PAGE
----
Technical analysis is widely used among traders and financial professionals and is very often used by active day traders, market makers and pit traders. In the 1960s and 1970s it was widely dismissed by academics. In a recent review, Irwin and Park reported that 56 of 95 modern studies found that it produces positive results but noted that many of the positive results were rendered dubious by issues such as data snooping, so that the evidence in support of technical analysis was inconclusive; it is still considered by many academics to be pseudoscience. Academics such as Eugene Fama say the evidence for technical analysis is sparse and is inconsistent with the weak form of the efficient-market hypothesis. Users hold that even if technical analysis cannot predict the future, it helps to identify trading opportunities.
In the foreign exchange markets, its use may be more widespread than fundamental analysis. This does not mean technical analysis is more applicable to foreign markets, but that technical analysis is more recognized as to its efficacy there than elsewhere. While some isolated studies have indicated that technical trading rules might lead to consistent returns in the period prior to 1987, most academic work has focused on the nature of the anomalous position of the foreign exchange market. It is speculated that this anomaly is due to central bank intervention, which obviously technical analysis is not designed to predict. Recent research suggests that combining various trading signals into a Combined Signal Approach may be able to increase profitability and reduce dependence on any single rule.

Go to the article »
02. Feb, 2012
post icon

Daytrading Stocks During a Bear Market

The US stock market appears to have entered a new bear market since its high at the end of April. While Wall Street generally defines a bear market as a 20% decline, the average bear market drops quite a bit more. As of this writing, the market has declined over 14% from its April high.

Daytrading stocks during market declines can prove to be quite the challenge for day traders no matter how much experience they have. This is due to the fact that market volatility has a tendency to increase during most market declines, whether they are short term corrections or the typical bear market. This increase in volatility can wipe out the trading capital of even the experienced trader if they do not adjust their trading.

Generally speaking, after large run-ups in stock prices, or in any market, there will be violent pull-backs. While this increase in volatility can produce some big directional moves, there may be sizable intraday swings that can catch a trader off guard.

With this in mind, how does a daytrader prepare for these changing conditions? Well, most daytraders are not in the business of forecasting market direction, but it can be very helpful to pay attention to some technical and psychological indicators that may provide a clue regarding market direction. Those indicators include price and volume, the TRIN, New 52 week highs and lows, the advance/decline line, the number of bullish vs. bearish investors, etc. A more detailed discussion regarding these indicators is more suitable for another article.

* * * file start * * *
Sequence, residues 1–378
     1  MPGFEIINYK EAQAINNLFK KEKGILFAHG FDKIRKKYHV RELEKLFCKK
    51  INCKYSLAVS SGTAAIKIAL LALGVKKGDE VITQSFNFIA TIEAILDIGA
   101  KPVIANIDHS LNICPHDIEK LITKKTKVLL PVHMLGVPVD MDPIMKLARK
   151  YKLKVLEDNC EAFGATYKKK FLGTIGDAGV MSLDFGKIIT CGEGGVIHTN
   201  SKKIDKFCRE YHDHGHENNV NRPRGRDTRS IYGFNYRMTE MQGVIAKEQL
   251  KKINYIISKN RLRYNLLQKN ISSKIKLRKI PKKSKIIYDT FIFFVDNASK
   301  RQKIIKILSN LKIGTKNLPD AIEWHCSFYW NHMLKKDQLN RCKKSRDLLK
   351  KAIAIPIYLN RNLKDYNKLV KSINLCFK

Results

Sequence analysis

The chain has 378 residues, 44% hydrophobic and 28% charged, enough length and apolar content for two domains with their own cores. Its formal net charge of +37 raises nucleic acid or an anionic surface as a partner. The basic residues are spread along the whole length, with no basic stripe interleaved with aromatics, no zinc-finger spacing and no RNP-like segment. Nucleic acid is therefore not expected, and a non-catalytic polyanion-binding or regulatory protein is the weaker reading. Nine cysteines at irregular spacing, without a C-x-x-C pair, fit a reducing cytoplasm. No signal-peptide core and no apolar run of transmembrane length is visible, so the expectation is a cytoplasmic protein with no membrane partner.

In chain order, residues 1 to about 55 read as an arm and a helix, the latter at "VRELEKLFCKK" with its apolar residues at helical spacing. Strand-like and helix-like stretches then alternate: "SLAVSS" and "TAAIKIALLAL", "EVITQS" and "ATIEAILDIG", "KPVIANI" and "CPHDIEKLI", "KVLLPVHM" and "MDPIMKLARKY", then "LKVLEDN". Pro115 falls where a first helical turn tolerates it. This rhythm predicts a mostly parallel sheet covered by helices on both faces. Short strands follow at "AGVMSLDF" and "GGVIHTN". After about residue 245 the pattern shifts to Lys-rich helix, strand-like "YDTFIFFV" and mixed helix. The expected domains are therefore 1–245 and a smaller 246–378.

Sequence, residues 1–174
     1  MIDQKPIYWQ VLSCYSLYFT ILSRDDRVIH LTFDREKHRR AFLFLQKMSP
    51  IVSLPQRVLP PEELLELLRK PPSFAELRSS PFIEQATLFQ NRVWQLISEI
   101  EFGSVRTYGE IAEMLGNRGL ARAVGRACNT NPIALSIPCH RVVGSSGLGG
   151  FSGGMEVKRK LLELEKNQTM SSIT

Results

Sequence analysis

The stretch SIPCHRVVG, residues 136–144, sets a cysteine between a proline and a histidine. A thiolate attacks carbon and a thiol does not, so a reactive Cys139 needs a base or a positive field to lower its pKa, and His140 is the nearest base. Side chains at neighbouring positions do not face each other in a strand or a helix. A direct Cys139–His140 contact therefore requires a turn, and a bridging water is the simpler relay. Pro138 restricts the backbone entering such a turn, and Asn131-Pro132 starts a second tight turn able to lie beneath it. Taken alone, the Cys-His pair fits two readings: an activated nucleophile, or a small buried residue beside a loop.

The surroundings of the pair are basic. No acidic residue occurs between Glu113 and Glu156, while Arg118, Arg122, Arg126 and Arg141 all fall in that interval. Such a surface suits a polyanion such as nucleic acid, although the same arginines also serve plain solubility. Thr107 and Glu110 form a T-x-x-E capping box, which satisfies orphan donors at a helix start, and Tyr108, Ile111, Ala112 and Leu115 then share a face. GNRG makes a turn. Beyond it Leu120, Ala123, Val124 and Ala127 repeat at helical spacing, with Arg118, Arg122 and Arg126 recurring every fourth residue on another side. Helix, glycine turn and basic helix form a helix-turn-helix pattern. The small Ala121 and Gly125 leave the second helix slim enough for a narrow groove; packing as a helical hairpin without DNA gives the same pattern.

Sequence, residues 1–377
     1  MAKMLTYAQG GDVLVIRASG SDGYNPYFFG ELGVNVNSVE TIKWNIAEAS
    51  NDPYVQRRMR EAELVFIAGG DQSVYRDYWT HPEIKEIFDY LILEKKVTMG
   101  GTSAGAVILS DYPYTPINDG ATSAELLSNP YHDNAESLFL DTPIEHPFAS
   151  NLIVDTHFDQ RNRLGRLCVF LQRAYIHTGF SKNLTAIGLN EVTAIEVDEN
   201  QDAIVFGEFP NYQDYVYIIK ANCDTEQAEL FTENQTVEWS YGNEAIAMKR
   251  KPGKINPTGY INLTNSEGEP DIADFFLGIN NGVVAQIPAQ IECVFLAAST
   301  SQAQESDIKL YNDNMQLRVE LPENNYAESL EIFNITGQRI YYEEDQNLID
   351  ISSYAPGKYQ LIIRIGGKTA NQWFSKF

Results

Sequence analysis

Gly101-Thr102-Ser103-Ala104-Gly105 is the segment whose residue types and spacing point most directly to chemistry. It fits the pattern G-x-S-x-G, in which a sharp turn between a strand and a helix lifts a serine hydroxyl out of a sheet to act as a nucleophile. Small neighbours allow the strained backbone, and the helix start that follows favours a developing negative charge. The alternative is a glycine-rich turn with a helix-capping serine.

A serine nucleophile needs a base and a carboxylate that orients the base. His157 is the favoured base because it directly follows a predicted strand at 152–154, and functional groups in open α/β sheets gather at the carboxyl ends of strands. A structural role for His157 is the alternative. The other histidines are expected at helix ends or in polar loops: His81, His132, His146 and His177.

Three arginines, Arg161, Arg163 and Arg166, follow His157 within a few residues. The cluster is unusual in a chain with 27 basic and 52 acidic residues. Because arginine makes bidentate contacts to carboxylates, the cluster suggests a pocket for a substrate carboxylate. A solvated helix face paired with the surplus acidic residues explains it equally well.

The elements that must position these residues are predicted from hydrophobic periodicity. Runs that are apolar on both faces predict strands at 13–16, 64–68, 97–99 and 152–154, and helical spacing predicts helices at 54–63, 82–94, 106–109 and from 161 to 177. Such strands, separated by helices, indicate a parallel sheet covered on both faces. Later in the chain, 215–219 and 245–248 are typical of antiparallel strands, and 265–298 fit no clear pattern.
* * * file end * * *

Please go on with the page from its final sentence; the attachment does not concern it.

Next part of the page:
When a day trader becomes aware that the market character has changed to a bearish tone, then it is time to adjust their thinking when it comes to managing trades. First of all, due to the usual increase in market volatility, the trader should scale back position size. While it may have been reasonable to trade 1,000 shares in a stock during a bull move, 500 shares might be more reasonable in a bear move. The novice day trader will think they are losing out on a sizable profit opportunity by trading smaller during these major down moves. The experienced trader realizes that it is more important to preserve capital for time periods when the market is more predictable and less volatile.

One other issue facing daytraders during these bear markets is that the market has a tendency to have sharp intraday reversals, and there tends to be more sizable opening gaps. As some day traders actually do carry positions over night, it is a good idea to carry smaller positions over night due to the greater risk of a market reversal.

The day trader should also be aware that the overall long term market tendency is for stocks to trade higher each day. As such, even while the market is in a downtrend, quite a few trading days will close to the upside. During the current down move, nearly 40% of the trading days have closed to the upside. If a daytrader can recognize that even bear markets will pause for a breather, they will recognize significant opportunities to profit after these brief pauses when the market resumes its downtrend.

Day traders should also consider trading other vehicles besides individual stocks during bear markets. This is due to the fact that it costs the trader extra to short a stock, since they must first borrow the shares from their broker, and pay interest on those shares, in order to sell the stock short. Therefore, day traders should consider trading stock index futures, or ETFs that rise when the market falls. It is important that traders consider the cost of their trades, not just whether they make a profit or loss.

While it is definitely possible to trade profitably during bear markets, there are significant pitfalls. For many novice day traders, it may just be a good idea to sit on the sidelines and observe the market action so that they are prepared for the next bear market downturn when it comes along.

Go to the article »
04. Jun, 2011